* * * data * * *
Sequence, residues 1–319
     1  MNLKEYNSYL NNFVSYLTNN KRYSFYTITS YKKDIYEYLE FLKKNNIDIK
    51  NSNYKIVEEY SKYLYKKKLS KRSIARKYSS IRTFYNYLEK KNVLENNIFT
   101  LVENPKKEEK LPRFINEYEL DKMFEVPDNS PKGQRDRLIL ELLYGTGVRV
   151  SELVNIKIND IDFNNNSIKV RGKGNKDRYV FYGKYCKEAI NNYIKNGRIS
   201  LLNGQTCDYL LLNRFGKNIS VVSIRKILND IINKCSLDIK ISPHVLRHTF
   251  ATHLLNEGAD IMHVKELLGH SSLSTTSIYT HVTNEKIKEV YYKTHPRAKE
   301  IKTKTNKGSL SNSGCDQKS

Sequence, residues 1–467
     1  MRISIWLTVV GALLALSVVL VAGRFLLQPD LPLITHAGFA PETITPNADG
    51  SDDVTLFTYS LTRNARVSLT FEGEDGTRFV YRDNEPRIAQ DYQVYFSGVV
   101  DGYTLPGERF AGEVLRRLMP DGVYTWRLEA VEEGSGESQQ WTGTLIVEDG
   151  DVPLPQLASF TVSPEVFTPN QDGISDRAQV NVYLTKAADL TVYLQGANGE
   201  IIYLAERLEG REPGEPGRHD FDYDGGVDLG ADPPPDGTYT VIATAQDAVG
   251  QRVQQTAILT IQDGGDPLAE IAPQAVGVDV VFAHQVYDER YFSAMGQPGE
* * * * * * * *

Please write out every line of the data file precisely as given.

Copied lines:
Sequence, residues 1–319
     1  MNLKEYNSYL NNFVSYLTNN KRYSFYTITS YKKDIYEYLE FLKKNNIDIK
    51  NSNYKIVEEY SKYLYKKKLS KRSIARKYSS IRTFYNYLEK KNVLENNIFT
   101  LVENPKKEEK LPRFINEYEL DKMFEVPDNS PKGQRDRLIL ELLYGTGVRV
   151  SELVNIKIND IDFNNNSIKV RGKGNKDRYV FYGKYCKEAI NNYIKNGRIS
   201  LLNGQTCDYL LLNRFGKNIS VVSIRKILND IINKCSLDIK ISPHVLRHTF
   251  ATHLLNEGAD IMHVKELLGH SSLSTTSIYT HVTNEKIKEV YYKTHPRAKE
   301  IKTKTNKGSL SNSGCDQKS

Sequence, residues 1–467
     1  MRISIWLTVV GALLALSVVL VAGRFLLQPD LPLITHAGFA PETITPNADG
    51  SDDVTLFTYS LTRNARVSLT FEGEDGTRFV YRDNEPRIAQ DYQVYFSGVV
   101  DGYTLPGERF AGEVLRRLMP DGVYTWRLEA VEEGSGESQQ WTGTLIVEDG
   151  DVPLPQLASF TVSPEVFTPN QDGISDRAQV NVYLTKAADL TVYLQGANGE
   201  IIYLAERLEG REPGEPGRHD FDYDGGVDLG ADPPPDGTYT VIATAQDAVG
   251  QRVQQTAILT IQDGGDPLAE IAPQAVGVDV VFAHQVYDER YFSAMGQPGE